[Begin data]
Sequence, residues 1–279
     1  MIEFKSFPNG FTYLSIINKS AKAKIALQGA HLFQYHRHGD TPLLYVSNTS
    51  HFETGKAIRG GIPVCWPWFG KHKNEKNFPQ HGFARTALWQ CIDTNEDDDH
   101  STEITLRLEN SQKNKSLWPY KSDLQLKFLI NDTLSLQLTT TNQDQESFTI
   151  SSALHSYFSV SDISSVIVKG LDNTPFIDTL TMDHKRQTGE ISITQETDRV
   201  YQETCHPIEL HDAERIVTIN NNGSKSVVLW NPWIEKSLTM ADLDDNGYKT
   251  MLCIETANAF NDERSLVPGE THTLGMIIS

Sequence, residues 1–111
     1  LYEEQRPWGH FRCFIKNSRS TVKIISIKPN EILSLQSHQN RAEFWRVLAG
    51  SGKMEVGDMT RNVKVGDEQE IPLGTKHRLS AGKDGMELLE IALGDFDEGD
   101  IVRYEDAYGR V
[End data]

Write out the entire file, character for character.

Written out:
Sequence, residues 1–279
     1  MIEFKSFPNG FTYLSIINKS AKAKIALQGA HLFQYHRHGD TPLLYVSNTS
    51  HFETGKAIRG GIPVCWPWFG KHKNEKNFPQ HGFARTALWQ CIDTNEDDDH
   101  STEITLRLEN SQKNKSLWPY KSDLQLKFLI NDTLSLQLTT TNQDQESFTI
   151  SSALHSYFSV SDISSVIVKG LDNTPFIDTL TMDHKRQTGE ISITQETDRV
   201  YQETCHPIEL HDAERIVTIN NNGSKSVVLW NPWIEKSLTM ADLDDNGYKT
   251  MLCIETANAF NDERSLVPGE THTLGMIIS

Sequence, residues 1–111
     1  LYEEQRPWGH FRCFIKNSRS TVKIISIKPN EILSLQSHQN RAEFWRVLAG
    51  SGKMEVGDMT RNVKVGDEQE IPLGTKHRLS AGKDGMELLE IALGDFDEGD
   101  IVRYEDAYGR V